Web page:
WHAT YOU CAN DO…
Educate Yourself: Learn more about the root causes of violence, the warning signs and preventative strategies.
Spread the Word: We can all be part of the solution. Encourage your employer to sponsor a violence awareness workshop or arrange a community drive to support a local shelter. Sponsor an awareness workshop in your workplace.
Reach Out: Offer support without judgement or conditions to someone in need. Provide information on help that is available in your area.
ADVICE FOR PARENTS…
Be honest with your children. Help them to understand that abusing a loved one is wrong and that you (and they) are not responsible for the abuse. Your children need to know that violence has no place in dating or intimate relationship and that using violence to punish or control another is wrong! Encourage them to communicate their feelings (both the good and the bad) in a productive, healthy manner — one that reinforces mutual respect and non-violence.
CALL TO ACTION…
The impact of domestic violence permeates the boundaries of the home. Our workplaces, our schools, playgrounds and neighborhoods have felt and will continue to feel its effects if we fail, both personally and professionally, to contribute to its end!
RECOGNIZING DOMESTIC VIOLENCE…
If you are confused about the relationship — and are not sure if it is abusive, please, consider the following…
Has/is someone you know:
- Harming or threatening to harm a child, partner, spouse or family member?
- Repeatedly withholding money from a spouse or partner?
- Continually jealous, making irrational accusations against his/her partner/spouse?
- Restricting their partner/spouse from seeing family or friends?
- Abusing drugs and/or alcohol?
- Forcing sex upon their partner/spouse?
- Constantly criticizing, humiliating, or degrading their partner/spouse and/or children.
- Using physical violence to control the actions of their partner/spouse and/or children.
The term domestic violence actually refers to a range of behaviors including child abuse, assault of the elderly and/or disabled, physical aggression between siblings, and violence between intimate or dating partners. Violence is used by one person in the relationship to abuse, control, or dominate the other through force, fear, and/or intimidation.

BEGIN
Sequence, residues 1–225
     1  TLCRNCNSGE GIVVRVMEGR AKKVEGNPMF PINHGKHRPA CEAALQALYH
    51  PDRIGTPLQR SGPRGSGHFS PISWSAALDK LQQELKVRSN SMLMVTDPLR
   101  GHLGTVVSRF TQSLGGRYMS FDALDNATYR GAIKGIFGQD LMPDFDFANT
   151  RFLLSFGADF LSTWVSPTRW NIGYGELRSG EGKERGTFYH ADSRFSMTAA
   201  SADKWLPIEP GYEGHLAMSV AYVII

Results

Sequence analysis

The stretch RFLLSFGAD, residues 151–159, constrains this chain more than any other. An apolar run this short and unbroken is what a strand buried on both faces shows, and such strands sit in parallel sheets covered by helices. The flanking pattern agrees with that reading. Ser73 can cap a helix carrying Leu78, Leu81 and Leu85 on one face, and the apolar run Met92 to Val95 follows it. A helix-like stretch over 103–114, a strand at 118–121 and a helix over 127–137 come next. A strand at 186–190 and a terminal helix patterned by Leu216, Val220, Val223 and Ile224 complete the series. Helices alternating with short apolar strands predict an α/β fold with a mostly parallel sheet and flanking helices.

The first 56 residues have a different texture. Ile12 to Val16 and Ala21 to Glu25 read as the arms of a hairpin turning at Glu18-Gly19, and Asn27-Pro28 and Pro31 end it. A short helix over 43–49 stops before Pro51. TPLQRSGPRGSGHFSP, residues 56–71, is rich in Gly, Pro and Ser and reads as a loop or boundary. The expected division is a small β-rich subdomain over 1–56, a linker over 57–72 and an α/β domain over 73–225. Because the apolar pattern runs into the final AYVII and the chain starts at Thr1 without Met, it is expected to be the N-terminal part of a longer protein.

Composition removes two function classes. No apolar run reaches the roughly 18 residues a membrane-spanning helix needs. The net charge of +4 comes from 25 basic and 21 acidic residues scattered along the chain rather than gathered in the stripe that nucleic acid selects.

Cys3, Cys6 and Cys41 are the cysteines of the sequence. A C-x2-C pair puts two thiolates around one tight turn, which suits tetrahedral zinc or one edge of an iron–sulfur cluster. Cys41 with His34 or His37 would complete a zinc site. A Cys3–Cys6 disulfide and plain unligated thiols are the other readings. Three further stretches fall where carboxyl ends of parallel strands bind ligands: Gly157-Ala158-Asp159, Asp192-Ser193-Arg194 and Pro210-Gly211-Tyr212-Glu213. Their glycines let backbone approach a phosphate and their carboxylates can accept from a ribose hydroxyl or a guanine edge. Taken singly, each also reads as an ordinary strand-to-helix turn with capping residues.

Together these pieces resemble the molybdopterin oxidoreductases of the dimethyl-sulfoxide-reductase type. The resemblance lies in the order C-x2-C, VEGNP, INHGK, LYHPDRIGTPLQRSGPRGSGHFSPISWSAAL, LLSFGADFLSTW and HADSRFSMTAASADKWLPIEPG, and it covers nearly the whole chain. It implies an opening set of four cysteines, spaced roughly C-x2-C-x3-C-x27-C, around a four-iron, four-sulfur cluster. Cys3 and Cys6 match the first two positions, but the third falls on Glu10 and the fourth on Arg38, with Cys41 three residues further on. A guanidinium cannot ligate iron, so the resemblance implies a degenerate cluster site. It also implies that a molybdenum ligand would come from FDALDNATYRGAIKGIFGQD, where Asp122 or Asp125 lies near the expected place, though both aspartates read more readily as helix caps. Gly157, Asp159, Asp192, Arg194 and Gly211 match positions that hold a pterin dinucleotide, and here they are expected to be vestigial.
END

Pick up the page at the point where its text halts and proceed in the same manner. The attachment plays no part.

An abusive act, whether verbal, physical, emotional, or other, is seldom an isolated incident. the initial, more subtle forms of abuse (i.e., name calling, put down, irrational jealousy) effect a pattern of insidious perpetual conduct. Tragically, the dismissal of these “benign” behaviors will most certainly evolve into the more lethal forms of physical violence.
There is no excuse for violence! Nor should any form of violence be considered an acceptable form of discipline. Stress induced by work, family, or finances cannot explain it and using drugs or alcohol will never justify it. Violence is a behavioral choice — it is wrong and it is criminal.
The effects of violence on children are, at best, grossly underestimated. Without regard, many are living the consequences of domestic violence committed in their presence.
Witnessing violence can be as traumatic for children as being victims of it. However, the evasive impact masks injuries far beneath the skin’s surface. Sadly, the fact remains that violence perpetuates because children see, hear and understand more than we’ve given them credit for.
Such exposure and experience will teach children two very powerful life lessons:
- We use violence to resolve conflict and relieve stress.
- Violence and intimacy go hand in hand.
If you are concerned about what your child has seen or heard or if you feel that your child is engaging in certain at risk behaviors, please get informed and get help.
Suggestions of what to bring with you if you must flee:
- Identification (Drivers License, Social Security Cards, Insurance Cards, Welfare I.D.) for you and your children
- Credit cards (In your name)
- Birth certificates (for you and the children)
- Marriage Certificate or Divorce Papers
- Restraining orders
- Probate Court orders
- Money and ATM cards
- Calling cards
- Car registration and title
- Checkbooks and bankbooks with withdrawal slips
- House and car keys
- Medications (or keep a list with you including refill numbers and pharmacy)
- Address book
- Medical Records
- School records
- Green Card or Passports
- Work Permits
Important Phone Numbers
Emergency: Dial 9-1-1
East Bridgewater Police Department: (508) 378-7223
DOVE, Inc. – Domestic Violence Ended – Shelter, Services & Education 24 HR Hotline 1-888-314-DOVE (3683)
Statewide 24-Hour Hotline for Women’s Safety: 1-800-922-2600
Statewide Drug & Alcohol Information & Referral Hotline: (617) 445-1500 ~ 1-800-327-5050
Al-Anon Family Groups of Mass: (781) 843-5300
Department of Social Services 24-Hour Hotline: 1-800-792-5200